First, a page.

Jamaican reggae roots of Somerset’s famous Clarks boots
For decades, the Clarks brand has signified jobs for Somerset and sensible shoes for Britain’s schoolchildren and adults. But a new book has lifted the lid on a previously niche market for the famous Street-based shoe firm – Jamaican reggae stars.
Perhaps the first inkling Clarks customers and, indeed the firm’s employees, had that their shoes were all the rage in the dancehalls of the Caribbean was when Barbadian megastar Rihanna tweeted last year that she had stocked up on Clarks on the British leg of her world tour.
For unless you are connoisseurs of such reggae and dancehall stars as Dillinger, Trinity, Scorcher, Ranking Joe, Little John or even the super-cool Super Cat, then you would have little idea of the prestige that wearing Clarks shoes has in the Caribbean. For all those producers, DJs and singers have released records praising Clarks shoes, and after the biggest reggae tune of 2010, from MC Vybz Kartel, was called, simply, Clarks, London author Al Newman decided there was a story that needed telling.
His new book, Clarks in Jamaica, tells the bizarre story of how Somerset’s finest shoes became the must-wear footwear of the reggae scene. “It is kind of niche, but I thought it’s such a colourful story, it’s about time someone documented this,” he said.
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“I wanted to focus on the music and the Jamaican musicians who have sung about Clarks. So I went there to interview and photograph musicians, as well as other people on the street wearing the shoes,” he added.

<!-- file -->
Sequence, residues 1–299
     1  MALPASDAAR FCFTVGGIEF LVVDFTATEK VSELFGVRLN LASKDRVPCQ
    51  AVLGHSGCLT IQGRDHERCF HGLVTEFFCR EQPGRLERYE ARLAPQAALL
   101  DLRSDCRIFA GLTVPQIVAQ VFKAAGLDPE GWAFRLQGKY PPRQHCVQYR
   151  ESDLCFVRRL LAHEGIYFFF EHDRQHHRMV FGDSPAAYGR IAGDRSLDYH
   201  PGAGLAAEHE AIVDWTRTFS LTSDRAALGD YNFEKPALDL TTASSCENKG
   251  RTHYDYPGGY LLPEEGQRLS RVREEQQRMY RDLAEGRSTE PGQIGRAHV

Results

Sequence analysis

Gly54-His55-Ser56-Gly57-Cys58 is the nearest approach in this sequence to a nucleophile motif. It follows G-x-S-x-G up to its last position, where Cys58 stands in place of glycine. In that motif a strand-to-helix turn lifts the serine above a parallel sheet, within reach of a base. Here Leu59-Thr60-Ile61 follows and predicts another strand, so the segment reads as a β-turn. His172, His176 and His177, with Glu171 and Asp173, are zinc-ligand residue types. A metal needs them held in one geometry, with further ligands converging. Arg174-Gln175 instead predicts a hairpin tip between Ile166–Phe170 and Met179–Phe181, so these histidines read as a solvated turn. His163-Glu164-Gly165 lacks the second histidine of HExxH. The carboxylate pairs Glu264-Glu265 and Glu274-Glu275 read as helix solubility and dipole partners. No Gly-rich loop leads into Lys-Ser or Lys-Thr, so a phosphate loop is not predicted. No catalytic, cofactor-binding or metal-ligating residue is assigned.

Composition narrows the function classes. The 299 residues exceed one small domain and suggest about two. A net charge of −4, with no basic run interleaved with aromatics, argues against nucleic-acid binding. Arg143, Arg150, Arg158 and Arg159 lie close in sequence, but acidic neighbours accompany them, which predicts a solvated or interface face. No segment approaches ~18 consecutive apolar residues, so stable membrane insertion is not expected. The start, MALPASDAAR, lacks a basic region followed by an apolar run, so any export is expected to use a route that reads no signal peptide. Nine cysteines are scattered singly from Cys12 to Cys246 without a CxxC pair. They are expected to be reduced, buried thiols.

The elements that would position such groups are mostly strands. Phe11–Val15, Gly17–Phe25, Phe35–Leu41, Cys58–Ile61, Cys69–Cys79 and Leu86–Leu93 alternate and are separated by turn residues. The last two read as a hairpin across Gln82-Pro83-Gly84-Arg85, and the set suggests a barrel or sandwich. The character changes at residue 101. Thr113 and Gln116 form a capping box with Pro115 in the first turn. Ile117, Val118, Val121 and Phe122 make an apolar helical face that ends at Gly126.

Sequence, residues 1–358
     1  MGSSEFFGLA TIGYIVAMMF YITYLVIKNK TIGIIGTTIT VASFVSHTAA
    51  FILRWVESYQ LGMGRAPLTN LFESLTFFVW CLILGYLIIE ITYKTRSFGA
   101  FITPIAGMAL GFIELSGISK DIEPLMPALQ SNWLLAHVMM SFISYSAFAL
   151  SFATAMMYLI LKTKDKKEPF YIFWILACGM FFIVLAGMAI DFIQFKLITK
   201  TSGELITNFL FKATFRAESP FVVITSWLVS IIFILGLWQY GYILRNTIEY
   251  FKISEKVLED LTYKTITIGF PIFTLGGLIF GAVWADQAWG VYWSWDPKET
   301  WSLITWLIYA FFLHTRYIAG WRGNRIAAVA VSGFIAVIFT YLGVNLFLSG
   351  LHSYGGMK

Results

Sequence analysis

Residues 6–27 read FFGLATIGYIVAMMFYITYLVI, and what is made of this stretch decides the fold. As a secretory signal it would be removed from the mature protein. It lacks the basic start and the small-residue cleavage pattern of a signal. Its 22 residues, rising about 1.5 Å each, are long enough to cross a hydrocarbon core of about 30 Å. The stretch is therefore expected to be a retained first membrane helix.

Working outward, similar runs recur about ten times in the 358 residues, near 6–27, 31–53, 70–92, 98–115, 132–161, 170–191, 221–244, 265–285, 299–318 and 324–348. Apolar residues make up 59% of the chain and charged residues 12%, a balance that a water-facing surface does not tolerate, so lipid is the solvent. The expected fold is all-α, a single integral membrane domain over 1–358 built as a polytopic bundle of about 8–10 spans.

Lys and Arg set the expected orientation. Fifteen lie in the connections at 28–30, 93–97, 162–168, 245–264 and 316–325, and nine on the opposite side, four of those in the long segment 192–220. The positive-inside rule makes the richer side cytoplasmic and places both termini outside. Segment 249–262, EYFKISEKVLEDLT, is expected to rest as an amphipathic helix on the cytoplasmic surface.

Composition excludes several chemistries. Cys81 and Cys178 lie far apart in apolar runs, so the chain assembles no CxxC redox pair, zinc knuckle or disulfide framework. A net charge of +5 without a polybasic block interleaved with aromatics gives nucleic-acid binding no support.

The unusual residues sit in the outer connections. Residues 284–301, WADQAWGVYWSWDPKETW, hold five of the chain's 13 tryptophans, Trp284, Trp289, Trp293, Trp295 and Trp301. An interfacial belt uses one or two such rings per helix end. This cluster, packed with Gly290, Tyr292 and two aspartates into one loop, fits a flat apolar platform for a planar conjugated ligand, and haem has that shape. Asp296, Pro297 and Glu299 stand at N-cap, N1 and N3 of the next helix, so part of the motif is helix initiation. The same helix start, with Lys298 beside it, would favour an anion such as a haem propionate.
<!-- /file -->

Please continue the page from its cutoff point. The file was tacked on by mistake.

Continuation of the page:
Mr Newman went with photographer Mark Read and any doubts that he would not be taken seriously when revealing the subject of his book were soon eased.
“It seemed like a perfectly natural thing that someone would come from England to write a book about Clarks,” he said.
In a newly independent Jamaica in the 1960s, Clarks shoes were the most expensive shoes you could buy – so they became a status symbol.
Newman’s book recounts a story from DJ Dennis Alcapone of how, when a dance hall was raided by a notorious Kingston police chief called Joe Williams in the early 1970s, he turned the sound off and announced over the microphone: “All who’s wearing Clarks booty, stand on that side of the dance. And who’s not wearing Clarks booty stand on this side,” because he know that rude boys wear dem, so that is a way of identifying them,” said the DJ.
“In the early 1970s, the association became so strong that young males risked a beating by police simply for wearing a pair,” said Newman. “‘You must be a thief’, the police would say. ‘How else would you afford such expensive Clarks?’”